Fools Paradise: Introduction  

Introduction    Artists     Libretto    Composition     VR Design    Production

This site contains both preliminary sketches and documentation of the first performance of Fools Paradise. The Production link documents the performance and includes a two short digital videos.The rest of the material documents the process of an artistic collaboration from sketches to realization. There is also a Proposal (PDF, 108Kb) that describes the final work and lists performance and installation requirements.


3 min. video (5.7M)       8 min. video (14.5 M)

"Fools Paradise" is a VR installation and performance based on texts by visionary poet and artist William Blake. In the sketches, the brief texts are associated with human figures embedded in an island landscape that is at once a vast book, a sculpture garden, and a network of pathways through language and music. Icoshedral gems and 48 masks replaced the figures in the final production. Participants in the installation wander over the landscape, triggering multi-modal events. In performance, musicians and a VR performer explore the work in depth, to reveal hidden structures, symbols, and narratives.

As a composition, "Fools Paradise" is grounded in abstract notational structures that help to determine its visual architecture, musical material, and event-flow. In other words, it is an intermedia artwork, where events in one sensory modality may be mapped onto events in another modality. At the same time, different media are left free to display their own unique qualities, without strict mapping. The degree of mapping at any given point is part of the compositional process.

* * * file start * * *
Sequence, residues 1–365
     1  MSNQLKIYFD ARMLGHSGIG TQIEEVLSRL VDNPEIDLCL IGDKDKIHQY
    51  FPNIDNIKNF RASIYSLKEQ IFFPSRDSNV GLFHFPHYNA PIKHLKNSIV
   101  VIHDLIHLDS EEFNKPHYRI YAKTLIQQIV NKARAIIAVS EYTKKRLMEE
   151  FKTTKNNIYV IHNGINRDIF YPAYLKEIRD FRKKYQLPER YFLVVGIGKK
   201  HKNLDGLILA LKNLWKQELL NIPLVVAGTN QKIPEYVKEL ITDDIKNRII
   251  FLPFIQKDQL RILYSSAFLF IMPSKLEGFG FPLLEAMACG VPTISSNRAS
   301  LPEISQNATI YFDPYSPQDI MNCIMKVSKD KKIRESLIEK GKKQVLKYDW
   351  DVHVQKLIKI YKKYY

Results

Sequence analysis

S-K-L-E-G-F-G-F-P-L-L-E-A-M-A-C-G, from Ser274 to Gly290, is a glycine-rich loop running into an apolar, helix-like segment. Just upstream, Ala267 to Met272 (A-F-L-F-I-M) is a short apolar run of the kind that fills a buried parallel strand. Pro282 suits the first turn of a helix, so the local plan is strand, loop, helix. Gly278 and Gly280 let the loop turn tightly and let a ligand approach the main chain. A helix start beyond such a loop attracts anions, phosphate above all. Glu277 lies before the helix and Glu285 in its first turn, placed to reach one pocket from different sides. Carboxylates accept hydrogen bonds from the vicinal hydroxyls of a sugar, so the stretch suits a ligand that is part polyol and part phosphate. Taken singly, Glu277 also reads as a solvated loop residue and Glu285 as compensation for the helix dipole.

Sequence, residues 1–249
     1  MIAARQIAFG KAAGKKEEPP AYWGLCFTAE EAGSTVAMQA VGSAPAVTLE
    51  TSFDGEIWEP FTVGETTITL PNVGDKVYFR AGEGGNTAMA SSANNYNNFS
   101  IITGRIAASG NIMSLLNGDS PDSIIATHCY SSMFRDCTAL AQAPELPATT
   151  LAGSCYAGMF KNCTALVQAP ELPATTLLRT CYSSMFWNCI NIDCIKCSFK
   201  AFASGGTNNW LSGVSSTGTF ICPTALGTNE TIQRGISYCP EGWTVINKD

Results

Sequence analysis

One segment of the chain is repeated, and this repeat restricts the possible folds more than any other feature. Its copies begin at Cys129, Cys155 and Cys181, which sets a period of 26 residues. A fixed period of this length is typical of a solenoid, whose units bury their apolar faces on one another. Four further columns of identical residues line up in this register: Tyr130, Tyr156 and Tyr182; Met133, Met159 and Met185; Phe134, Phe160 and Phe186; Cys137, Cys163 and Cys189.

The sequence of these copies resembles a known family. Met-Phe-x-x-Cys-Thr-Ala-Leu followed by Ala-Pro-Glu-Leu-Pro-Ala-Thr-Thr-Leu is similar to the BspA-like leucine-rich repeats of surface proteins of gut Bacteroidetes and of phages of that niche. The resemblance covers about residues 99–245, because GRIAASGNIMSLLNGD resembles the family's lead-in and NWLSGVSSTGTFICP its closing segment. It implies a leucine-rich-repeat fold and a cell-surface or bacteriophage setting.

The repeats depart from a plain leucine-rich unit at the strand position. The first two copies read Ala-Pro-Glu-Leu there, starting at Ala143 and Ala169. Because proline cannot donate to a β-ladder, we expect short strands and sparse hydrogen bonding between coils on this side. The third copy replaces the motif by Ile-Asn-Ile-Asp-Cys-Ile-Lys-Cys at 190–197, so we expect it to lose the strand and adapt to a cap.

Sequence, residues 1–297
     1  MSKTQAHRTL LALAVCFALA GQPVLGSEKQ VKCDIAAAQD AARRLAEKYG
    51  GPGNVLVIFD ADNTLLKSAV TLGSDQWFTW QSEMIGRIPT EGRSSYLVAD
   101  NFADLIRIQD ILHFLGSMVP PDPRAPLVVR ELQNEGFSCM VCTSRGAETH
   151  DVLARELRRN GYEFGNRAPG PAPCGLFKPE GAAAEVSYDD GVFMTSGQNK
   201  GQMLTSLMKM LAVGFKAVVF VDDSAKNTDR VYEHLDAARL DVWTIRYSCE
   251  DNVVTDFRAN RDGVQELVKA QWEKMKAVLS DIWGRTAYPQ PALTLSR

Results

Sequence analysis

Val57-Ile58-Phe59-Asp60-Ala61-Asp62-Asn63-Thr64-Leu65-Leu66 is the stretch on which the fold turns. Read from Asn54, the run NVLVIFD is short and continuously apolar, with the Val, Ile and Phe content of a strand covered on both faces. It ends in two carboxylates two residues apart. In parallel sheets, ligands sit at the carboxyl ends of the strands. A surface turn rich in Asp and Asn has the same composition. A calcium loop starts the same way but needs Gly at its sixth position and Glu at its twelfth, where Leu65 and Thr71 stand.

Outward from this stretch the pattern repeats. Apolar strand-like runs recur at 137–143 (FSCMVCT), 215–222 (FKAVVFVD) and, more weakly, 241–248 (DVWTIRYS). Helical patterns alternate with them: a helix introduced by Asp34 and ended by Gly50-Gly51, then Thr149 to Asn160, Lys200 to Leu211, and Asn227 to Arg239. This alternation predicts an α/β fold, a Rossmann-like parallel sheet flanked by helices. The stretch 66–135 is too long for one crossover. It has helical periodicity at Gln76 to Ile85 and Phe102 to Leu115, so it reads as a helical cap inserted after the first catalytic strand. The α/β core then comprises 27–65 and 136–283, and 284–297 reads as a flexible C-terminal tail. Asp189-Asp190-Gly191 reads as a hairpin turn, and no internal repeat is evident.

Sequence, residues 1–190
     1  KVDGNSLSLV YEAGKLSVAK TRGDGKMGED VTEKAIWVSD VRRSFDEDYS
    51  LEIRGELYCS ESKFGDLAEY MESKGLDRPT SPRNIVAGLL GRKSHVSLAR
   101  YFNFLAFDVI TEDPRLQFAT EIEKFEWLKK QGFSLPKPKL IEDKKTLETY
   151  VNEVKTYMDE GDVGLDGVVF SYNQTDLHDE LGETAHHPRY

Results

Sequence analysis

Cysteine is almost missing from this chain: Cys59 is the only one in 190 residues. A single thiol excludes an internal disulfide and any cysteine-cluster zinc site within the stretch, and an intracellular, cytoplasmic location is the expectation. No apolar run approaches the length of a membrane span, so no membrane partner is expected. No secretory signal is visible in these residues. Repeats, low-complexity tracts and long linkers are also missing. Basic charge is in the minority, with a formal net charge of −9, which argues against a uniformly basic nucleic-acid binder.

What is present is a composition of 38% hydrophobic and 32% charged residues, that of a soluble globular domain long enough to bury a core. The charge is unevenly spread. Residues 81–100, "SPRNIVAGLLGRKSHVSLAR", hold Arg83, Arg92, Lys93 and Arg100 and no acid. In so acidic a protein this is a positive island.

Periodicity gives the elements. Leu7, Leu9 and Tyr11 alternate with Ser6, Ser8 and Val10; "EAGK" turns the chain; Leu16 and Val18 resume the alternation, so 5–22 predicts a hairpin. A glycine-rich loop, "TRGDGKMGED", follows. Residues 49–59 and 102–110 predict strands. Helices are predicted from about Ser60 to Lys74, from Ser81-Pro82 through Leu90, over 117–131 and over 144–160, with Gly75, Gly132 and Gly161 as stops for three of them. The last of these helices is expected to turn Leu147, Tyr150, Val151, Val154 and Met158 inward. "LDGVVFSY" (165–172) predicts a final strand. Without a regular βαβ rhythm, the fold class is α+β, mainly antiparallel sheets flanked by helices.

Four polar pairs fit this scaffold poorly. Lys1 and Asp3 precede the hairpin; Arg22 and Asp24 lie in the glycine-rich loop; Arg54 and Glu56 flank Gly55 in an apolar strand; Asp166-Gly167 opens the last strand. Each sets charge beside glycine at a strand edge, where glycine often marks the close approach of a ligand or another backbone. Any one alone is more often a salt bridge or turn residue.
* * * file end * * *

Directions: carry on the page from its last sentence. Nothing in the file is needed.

This approach to composition is peculiarly apt for digital technology. Thanks to digital technology, compositional structures can operate at all levels of granularity and with a degree of abstraction that places all media on the same plane, and performances can attain an unprecedented degree of precision and synchronicity of events.

Though we embrace technology to realize our art, we are acutely aware of the twin necessities of approaching technology from a critical point of view and of engaging culture as a historically rooted enterprise. The selection of texts from Blake's "Marriage of Heaven and Hell" presents a critique of the tyranny of religious institutions and a plea for personal freedom of belief that resonates today. The use of VR as a performance medium rather than as a passively explored architecture, the blending of live acoustic music with electronics, and the use of "hand-painted" texture maps in the VR landscape all are meant to point to the continuity of human presence at the core of culture. As artists, first of all we create experiences--not precious objects or cultural values. We honor Blake as a multimedia artist avant la lettre, an artist who melds poetic language with printed and painted image in his books. We place ourselves within tradition that we may challenge our present moment as he challenged his own historical moment.